Bottom of the Pile: Mar. 19th, 2014

And, we're back.



All-New Invaders
The Eternals are Marvel's version of DC's already slightly obscure New Gods.  They were designed by Jack Kirby in the 70's (if you can't tell just looking at him), and so far have had like four different series, none of which have lasted even twenty issues.   In a book featuring Namor and the original Human Torch and Vision, he is pretty much the last character that should be a surprise reveal.  But you know, whatever let's go for it.  I love those small parts of superhero history no one's ever heard of.

Avengers World
A sentiment nearly every one who will ever read this comic will no doubt agree with, Starbrand.

Daredevil
One of the distinguishing things about Mark Waid's Daredevil is how he doesn't just tell us about Daredevil's radar sense and enhanced other four senses.  He puts the superbly talented artists he's been working with to show us just how that radar sense might look with beautiful pages like the above, and how a guy who's completely blind could navigate that city better than anyone else.   Of course, with this new series he's in a brand-new city, taken away from his old contacts and completely out of his elements--exactly the circumstances you want your favorite heroes succeed in.  Great first issue.


Ms. Marvel
Our newest superhero learns an almost universal truth: Costumes are notoriously uncomfortable.  Except for Bruce and Tony's.  When you have that much money, there's really no excuse not to be comfy.

New Avengers

New Avengers 15 features so much psuedo-meta-fake science, even the guy who created Iron Man wants Reed and Hank to get to the point.  (Point being that Swan is evil.  Which someone should've noticed when her introduction was blowing up a planet.)
 

Superior Spider-Man Annual
This is how Marvel manages to have over 50 years of history with no outright reboots.  Both of those references (with Daredevil and Kingpin) come from like, 80's Marvel--over thirty years ago.    But nobody cares because Marvel only references things as they need them, otherwise they may as well have never happened.  It's a strange kind of continuity, but it definitely counts and the argument could certainly be made that it's better than rebooting every twenty years.

Iron Man
  Speaking of continuity, this is how you do it properly.   Malekith was last seen a few months ago in Thor's monthly comic, God of Thunder.  In it, he took control of Svartalfheim and in doing so earned a seat at the table of the Nine Realms.   Because of that, when he appears in this book, there's a plausible reason for the arc not simply becoming "Iron Man and Thor team-up to smack the bad guys around".    It's something that's explained simply in the comic itself, but if you read both it makes even more sense.   That's how continuity should be used: it shouldn't get in the way of new readers understanding a story, but it should enhance stories for those of us who are long-time fans.

Side Note: Stories where Iron Man has to deal with magic are always great.

Side Note #2:  The cover to this is amazing.  The proper number is at the bottom for long-time fans, but at the top there's a big ol NUMBER ONE plastered to let new readers know that, hey, this is a good time for you to jump in.    More comics should follow a pattern like that.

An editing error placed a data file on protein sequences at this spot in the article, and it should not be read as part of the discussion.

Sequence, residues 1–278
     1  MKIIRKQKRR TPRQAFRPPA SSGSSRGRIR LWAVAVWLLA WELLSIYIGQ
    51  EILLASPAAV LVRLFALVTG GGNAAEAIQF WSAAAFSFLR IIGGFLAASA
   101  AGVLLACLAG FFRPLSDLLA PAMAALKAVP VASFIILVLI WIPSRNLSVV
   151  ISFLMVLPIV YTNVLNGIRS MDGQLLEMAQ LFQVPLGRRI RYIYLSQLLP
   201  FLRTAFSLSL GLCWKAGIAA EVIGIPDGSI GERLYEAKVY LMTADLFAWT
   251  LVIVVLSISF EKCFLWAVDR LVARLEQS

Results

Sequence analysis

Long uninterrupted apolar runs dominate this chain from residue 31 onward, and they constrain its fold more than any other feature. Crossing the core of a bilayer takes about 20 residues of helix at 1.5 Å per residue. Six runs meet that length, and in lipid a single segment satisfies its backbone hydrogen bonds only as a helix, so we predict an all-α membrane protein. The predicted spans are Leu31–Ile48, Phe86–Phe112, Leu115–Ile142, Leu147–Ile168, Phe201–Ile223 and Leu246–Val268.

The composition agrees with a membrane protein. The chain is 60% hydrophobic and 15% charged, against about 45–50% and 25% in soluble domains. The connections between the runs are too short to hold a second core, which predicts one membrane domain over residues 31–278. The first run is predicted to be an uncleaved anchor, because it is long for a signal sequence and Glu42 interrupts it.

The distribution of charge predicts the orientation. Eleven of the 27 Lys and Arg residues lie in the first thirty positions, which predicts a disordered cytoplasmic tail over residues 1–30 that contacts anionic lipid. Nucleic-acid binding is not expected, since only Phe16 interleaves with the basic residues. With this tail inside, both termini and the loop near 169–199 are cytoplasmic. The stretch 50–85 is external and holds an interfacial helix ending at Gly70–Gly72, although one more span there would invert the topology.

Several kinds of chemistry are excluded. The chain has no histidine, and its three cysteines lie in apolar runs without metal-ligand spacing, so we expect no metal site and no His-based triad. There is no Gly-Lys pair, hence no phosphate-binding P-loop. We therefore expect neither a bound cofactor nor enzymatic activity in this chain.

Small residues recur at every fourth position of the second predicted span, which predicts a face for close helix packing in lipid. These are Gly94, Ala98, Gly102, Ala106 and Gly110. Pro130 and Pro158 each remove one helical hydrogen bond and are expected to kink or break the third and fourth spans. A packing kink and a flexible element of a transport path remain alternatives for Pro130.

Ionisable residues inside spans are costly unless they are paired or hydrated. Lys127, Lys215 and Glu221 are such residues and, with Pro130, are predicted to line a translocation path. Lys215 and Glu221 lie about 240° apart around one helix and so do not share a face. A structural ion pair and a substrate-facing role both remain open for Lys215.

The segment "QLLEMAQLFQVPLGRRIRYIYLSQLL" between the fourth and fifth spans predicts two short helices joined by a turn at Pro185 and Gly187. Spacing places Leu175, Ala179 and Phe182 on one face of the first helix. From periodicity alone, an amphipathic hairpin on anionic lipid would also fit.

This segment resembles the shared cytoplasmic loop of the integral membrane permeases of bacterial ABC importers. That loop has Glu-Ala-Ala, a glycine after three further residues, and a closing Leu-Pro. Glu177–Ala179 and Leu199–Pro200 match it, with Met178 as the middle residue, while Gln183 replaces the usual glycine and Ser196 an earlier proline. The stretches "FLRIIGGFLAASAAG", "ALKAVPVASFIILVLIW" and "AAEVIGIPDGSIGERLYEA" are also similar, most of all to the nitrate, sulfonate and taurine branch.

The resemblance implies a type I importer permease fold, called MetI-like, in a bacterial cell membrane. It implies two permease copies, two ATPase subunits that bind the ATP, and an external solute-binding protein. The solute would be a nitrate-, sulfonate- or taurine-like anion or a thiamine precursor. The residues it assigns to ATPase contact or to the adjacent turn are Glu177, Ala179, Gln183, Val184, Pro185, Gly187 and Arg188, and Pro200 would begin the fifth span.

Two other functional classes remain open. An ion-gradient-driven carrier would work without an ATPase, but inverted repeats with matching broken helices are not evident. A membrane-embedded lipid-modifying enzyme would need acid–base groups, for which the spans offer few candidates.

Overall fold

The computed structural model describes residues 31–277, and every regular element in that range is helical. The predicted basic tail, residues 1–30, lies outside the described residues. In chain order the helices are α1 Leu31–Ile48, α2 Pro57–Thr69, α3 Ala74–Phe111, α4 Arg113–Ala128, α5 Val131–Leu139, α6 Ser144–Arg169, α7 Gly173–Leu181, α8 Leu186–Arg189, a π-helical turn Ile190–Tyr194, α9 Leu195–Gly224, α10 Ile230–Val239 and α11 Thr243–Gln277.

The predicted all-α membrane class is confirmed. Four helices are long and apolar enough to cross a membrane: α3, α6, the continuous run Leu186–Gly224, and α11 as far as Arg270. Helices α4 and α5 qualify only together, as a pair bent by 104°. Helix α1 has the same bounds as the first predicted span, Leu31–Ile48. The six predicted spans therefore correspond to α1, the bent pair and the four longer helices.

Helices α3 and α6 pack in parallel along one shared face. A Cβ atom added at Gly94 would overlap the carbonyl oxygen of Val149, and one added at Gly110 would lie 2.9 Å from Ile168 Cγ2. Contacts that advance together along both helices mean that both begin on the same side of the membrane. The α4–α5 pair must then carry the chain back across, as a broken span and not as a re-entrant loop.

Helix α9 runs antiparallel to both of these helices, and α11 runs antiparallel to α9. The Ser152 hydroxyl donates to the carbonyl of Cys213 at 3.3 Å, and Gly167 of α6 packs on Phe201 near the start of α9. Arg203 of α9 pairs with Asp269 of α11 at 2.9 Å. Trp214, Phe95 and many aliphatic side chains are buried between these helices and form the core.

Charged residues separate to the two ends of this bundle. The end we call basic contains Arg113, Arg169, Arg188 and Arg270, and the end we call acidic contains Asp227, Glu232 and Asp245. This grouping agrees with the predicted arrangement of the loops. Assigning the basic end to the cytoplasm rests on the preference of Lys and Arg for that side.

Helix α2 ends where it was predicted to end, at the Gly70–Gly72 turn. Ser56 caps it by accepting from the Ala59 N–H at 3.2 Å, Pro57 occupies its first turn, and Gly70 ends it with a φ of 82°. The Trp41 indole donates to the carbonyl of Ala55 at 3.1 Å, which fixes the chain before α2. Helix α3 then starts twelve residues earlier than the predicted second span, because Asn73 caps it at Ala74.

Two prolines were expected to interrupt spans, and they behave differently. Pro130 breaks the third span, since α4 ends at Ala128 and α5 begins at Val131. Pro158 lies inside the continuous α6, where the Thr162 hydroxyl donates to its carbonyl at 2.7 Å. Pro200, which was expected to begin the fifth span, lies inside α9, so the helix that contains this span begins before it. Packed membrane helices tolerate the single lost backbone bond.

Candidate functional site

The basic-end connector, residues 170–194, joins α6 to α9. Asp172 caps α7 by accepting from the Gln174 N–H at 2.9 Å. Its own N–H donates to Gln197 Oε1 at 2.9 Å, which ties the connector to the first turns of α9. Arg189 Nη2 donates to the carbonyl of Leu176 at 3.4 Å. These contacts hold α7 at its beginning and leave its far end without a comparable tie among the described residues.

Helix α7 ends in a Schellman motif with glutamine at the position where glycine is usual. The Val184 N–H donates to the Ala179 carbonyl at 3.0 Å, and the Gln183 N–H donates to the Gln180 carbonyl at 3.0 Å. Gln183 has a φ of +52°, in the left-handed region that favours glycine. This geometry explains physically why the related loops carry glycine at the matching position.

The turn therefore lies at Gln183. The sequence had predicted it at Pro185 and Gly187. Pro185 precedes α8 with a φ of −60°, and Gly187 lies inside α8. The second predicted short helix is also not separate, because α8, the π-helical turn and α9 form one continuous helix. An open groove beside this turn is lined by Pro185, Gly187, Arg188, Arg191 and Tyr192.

Thor: God of Thunder

Seeing this makes one wonder how fast Captain Planet could've saved the world if he'd simply obliterated all the factories that weren't healthy for our environment.

Transformers: Robots in Disguise
The idea of Megatron, potentially the most villain-y villain I can think of (from 80's Saturday Morning Cartoons or no), having an actual moment of growth is...disturbing, to say the least.  It hints at the idea that people are capable of growth and become more than merely black or white, bad or good, destroy or create.  For this version of Megatron, who started out as a fairly decent person, it also intimates the idea that there is a road back.   Not everyone will forgive you, but there can be some form of redemption, even if it's only within oneself.

....Now watch IDW announce that next year they're rebooting the entire line and we're right back to "All are fodder" Megatron.

 

 Uncanny X-Men
Having all your senses shut off and having someone drug you quite literally up to your eyeballs while your blood is being used for a weird drug farm.   If you're an X-Man, there's a good chance that at least once in your life something really, really fucking horrible is going to happen to you.  For some, more than once.  (See, Havok.)   All of their teams should really work on their protection plans.

Wolverine and the X-Men

"Lost Allman brother."  So Wolverine traded his healing factor for a sense of humor, then.  

Author's Note: Bottom of the Pile is a weekly column (or at least, my attempt at said) in which I cover the comics that found their way to the bottom of my pile, thus being the best as I've always been a proponent of "saving the best for last".   Since bog standard reviews can be found literally anywhere, coverage can range from mini-reviews to funny comments to commentary on a creator's run or comics as a whole, depending on a wide range of factors including the comic itself, the amount of time I have, and my general mood.

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